New regulations and electronic components bring safer ways to save the planet by Samira Amani, Strategic Marketing Manager Automation, Omron Electronic Components Europe b.v.
As the world takes steps to safeguard the planet from a climate calamity, new hazards demand tighter regulations in applications such as industrial and consumer refrigeration, vending machines, and heating systems such as heat pumps and hydrogen boilers. In consequence, associated measurement and control devices and the components within them also face new applications and regulations.
Domestic and industrial refrigerators, vending machines, and heat pumps like air conditioning units rely on refrigerants. It is well-known that older refrigerants compromise the atmosphere. CFCs are notorious as destroyers of the ozone layer, and subsequent alternatives still have the potential to accelerate global warming – not to mention the further damaging effects on humans and the broader ecosphere.
Being more specific, a refrigerant is a working fluid used in the refrigeration cycle of air conditioning systems and heat pumps, where in most cases they undergo a repeated phase transition from a liquid to a gas and back again. Refrigerants are heavily regulated due to their toxicity, flammability, and the contribution of CFC and HCFC refrigerants to ozone depletion and that of HFC refrigerants to climate change.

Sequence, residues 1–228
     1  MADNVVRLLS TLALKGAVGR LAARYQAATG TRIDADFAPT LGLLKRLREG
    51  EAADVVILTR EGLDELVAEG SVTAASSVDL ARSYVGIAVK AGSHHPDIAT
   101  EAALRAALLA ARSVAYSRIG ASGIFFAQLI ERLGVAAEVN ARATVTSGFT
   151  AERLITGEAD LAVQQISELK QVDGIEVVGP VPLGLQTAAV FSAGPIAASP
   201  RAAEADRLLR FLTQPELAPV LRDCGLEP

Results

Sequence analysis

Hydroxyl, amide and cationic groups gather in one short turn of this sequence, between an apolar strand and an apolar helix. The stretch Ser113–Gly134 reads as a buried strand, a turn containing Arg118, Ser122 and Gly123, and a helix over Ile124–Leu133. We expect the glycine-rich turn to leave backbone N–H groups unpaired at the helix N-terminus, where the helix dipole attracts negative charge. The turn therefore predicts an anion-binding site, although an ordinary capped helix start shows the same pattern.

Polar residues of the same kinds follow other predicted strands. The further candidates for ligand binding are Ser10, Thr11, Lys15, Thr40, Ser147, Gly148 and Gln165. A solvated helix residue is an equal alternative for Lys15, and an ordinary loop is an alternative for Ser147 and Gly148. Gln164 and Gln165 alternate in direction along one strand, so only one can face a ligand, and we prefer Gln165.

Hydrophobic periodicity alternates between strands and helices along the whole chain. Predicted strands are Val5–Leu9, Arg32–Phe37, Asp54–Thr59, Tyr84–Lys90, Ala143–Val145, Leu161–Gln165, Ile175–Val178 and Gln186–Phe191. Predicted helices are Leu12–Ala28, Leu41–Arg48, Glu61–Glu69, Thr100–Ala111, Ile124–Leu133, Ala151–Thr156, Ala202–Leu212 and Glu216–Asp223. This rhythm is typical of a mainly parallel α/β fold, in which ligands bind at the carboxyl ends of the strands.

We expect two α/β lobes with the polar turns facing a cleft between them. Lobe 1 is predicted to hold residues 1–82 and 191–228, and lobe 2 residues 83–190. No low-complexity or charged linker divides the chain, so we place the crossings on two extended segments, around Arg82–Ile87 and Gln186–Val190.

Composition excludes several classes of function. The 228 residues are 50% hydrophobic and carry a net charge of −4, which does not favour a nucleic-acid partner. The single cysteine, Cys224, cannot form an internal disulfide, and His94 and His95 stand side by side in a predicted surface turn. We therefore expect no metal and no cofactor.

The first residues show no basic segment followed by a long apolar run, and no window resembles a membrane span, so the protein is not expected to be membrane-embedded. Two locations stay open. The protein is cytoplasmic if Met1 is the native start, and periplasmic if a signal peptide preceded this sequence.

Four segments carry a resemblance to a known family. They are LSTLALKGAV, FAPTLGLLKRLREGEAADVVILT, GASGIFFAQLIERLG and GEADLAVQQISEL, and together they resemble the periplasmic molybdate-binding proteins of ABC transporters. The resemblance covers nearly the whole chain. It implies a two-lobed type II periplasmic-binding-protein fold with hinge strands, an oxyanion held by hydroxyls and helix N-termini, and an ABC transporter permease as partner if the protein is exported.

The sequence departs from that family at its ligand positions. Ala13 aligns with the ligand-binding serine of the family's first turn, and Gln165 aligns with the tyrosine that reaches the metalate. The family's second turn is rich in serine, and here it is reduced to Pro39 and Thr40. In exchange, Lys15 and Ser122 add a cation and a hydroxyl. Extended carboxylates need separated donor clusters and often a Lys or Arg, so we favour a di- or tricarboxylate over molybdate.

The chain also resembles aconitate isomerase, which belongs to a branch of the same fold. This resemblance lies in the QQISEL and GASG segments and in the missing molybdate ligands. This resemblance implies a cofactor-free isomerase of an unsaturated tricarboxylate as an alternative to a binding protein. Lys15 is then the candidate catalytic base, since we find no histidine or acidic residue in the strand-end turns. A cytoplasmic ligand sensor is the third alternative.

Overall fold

Low-carbon systems are an obvious solution, giving way to new, environmentally friendly, refrigerants. The issue is that refrigerants with low ozone depletion potential (ODP) and the lowest Global Warming Potential (GWP) brings hazards of their own. In fact, low GWP refrigerants are highly flammable and consequently Gas Explosion proof design is mandatory. ATEX approved components could be a good solution to simplify the design and meet safety regulations for refrigeration, vending machines and heat pumps.
The issue with Heat Pumps
The world is beginning to phase out its use of fossil gas boilers in favor of heat pumps and alternative fuels. This brings-in new challenges with the need to identify solutions that mitigate the impact of global warming. whilst ensuring safety of heating and cooling plant. Further, our need to reduce reliance of fossil fuels is highlighted by recent volatility of global gas prices.
In Europe, the REPowerEU Plan has the further aim of phasing-out our dependency on fossil fuels. Reducing the carbon footprint will protect consumers as well as the atmosphere. These goals are underpinned by three pledges: to accelerate the transition to clean energy, diversify energy resources and reduce consumption overall.
To achieve these goals, gas boilers are going to be limited by EU Community policy Repower Plan, with further investments expected on solar and renewable energies. In particular, the European Union should aim at doubling the current deployment rate of individual heat pumps, resulting in a cumulative ten million units over the next five years. Extending these ambitions, REPowerEU ramps-up the schedule to a target of twenty million heat pumps installed by 2026 and close to sixty million by 2030.